review and all photographs by Joshua Bernard
The last time Death from Above 1979 played Boston, it was 2005 and they opened for Nine Inch Nails at the Fleet Center (Formerly the Boston Garden). There’s a big difference between the 17k seat Boston Garden vs the 2500 seat House of Blues, but that didn’t seem to matter to the Canadian duo. They were making enough noise to be heard on the moon.
This was my first time seeing DFA live, and they did not disappoint. The band nearly shattered the foundations of the building, leaving us to re-build in the wake of their awesome gift to the world.
In the photo pit, I made the mistake of being next to one of the monitors as they hit the stage. As they broke into “Turn it Out” from their first LP, I was nearly blown off my feet by the sheer force of the sound. It was a relentless hammer to the face of hard, aggressive riffing from bassist Jesse Keeler and drums like thunder from singer/percussionist Sebastian Granger.
The band hammered on for the next hour or so with a good mix of tracks from both albums. I noticed they tended to stay away from the slower tempo songs like “Black History Month” and favored uptempo tracks like “You’re a Woman, I’m a Machine”, and “Pull Out”.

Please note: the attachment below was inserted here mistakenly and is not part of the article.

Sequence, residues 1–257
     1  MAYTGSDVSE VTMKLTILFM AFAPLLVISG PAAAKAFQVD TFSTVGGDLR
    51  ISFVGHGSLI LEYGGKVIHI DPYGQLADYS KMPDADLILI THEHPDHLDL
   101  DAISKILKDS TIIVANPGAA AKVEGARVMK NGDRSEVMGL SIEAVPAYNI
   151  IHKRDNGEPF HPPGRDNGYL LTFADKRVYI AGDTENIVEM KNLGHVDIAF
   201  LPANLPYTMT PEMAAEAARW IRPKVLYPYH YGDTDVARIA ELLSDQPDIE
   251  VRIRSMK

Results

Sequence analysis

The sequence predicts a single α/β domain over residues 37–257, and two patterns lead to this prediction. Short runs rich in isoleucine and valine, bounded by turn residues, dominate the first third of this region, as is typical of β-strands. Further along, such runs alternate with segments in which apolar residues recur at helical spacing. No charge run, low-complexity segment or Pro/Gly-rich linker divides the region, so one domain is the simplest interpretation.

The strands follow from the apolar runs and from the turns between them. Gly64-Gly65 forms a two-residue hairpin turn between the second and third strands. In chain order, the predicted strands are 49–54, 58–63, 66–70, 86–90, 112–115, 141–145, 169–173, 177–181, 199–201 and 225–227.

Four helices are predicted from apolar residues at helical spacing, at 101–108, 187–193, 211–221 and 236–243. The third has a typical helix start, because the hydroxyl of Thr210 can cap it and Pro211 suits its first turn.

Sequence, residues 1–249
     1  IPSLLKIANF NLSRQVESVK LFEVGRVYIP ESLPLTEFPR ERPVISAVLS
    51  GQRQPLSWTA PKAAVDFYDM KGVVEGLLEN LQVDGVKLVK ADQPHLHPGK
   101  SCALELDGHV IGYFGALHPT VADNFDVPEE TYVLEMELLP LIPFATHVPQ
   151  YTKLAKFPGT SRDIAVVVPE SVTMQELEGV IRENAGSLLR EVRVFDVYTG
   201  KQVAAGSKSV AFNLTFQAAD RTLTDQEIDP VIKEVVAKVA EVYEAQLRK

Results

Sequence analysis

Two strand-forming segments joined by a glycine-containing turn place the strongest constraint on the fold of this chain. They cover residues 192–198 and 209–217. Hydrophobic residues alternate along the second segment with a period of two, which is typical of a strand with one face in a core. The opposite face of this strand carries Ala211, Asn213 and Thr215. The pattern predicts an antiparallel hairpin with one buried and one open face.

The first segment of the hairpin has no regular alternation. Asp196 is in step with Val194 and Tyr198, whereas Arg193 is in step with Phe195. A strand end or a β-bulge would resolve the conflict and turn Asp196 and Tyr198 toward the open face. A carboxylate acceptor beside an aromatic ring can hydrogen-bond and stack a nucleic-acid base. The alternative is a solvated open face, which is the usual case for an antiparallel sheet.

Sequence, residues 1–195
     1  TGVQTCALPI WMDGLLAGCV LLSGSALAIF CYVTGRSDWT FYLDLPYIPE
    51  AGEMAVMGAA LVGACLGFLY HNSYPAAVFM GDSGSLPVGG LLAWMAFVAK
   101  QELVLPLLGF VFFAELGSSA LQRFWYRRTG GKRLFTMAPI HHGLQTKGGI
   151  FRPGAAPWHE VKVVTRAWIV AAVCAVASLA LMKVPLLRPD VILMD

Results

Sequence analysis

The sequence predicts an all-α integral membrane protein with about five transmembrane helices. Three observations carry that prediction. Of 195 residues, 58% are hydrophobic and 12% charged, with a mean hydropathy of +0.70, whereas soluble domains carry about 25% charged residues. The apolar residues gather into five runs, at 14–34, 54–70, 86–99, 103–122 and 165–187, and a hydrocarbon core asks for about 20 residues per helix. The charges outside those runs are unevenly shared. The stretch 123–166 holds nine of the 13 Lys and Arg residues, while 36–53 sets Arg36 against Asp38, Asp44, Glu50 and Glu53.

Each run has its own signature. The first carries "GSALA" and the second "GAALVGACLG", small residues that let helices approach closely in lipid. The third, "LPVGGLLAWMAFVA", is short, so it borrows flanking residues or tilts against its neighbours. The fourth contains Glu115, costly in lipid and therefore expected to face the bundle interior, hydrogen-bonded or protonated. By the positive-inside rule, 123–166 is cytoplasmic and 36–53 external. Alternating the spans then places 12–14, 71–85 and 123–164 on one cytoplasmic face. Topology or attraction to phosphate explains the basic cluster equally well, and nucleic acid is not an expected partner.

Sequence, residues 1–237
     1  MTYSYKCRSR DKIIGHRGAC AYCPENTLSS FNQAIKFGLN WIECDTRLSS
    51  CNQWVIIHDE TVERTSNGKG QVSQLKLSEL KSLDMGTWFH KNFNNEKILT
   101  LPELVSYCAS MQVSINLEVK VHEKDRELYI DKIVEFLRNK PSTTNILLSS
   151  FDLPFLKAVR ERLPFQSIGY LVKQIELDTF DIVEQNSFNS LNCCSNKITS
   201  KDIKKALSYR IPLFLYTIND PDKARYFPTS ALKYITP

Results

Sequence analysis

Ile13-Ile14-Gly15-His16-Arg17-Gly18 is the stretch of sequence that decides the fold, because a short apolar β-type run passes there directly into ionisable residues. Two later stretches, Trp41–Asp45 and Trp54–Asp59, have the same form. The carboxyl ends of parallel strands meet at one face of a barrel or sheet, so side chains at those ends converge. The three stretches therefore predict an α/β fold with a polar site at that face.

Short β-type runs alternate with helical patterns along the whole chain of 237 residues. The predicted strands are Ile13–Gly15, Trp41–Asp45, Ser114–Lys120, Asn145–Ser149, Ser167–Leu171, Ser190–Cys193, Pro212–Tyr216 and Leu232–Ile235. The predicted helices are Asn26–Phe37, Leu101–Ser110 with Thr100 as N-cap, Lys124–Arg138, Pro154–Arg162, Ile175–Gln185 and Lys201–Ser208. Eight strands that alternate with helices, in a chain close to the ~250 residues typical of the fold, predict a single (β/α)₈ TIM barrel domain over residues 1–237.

I had wondered how a duo would fill out the stage at the House of Blues, but they actually had a pretty interesting arrangement. Looking at the stage, on the left was Jesse on bass, surround by an enclosure of amplifiers, monitors and a keyboard. To his right, on a riser, sat Sebastian at his drums – facing Jesse instead of the crowd. Behind them was a giant illuminated logo, the only source of colored lights throughout the show. The band made an interesting stylistic choice by limiting their stage lighting to just white strobes from the ceiling and the illuminated logo. Their outfits were similarly minimal – Jesse in black and Sebastian in white. Wether intentional or not, it gave the visiuals a powerful, minimalist effect, much like their music.
After one three song encore, the band closed their set with the perfect track – the closing track from their most recent release: “The Physical World”. When their massive set was done, and the lights went up, I had such a feeling of euphoria. It was one of those moments that you experience when you get off a roller coaster or emerge from a near-death experience. You feel energized, alert and glad to be alive.
DFA may not be as polished live as they are in the studio, but the gigantic wall of sound they produce live more than makes up for any flaws in their performance. They make a lot of beautiful noise for just two guys, and I for one hope we don’t have to wait another 10 years to hear it again.
It’s been two days and my hearing still isn’t right, if that tells you anything…
(All photos copyright Joshua Bernard 2014; these images may not be used elsewhere without permission.)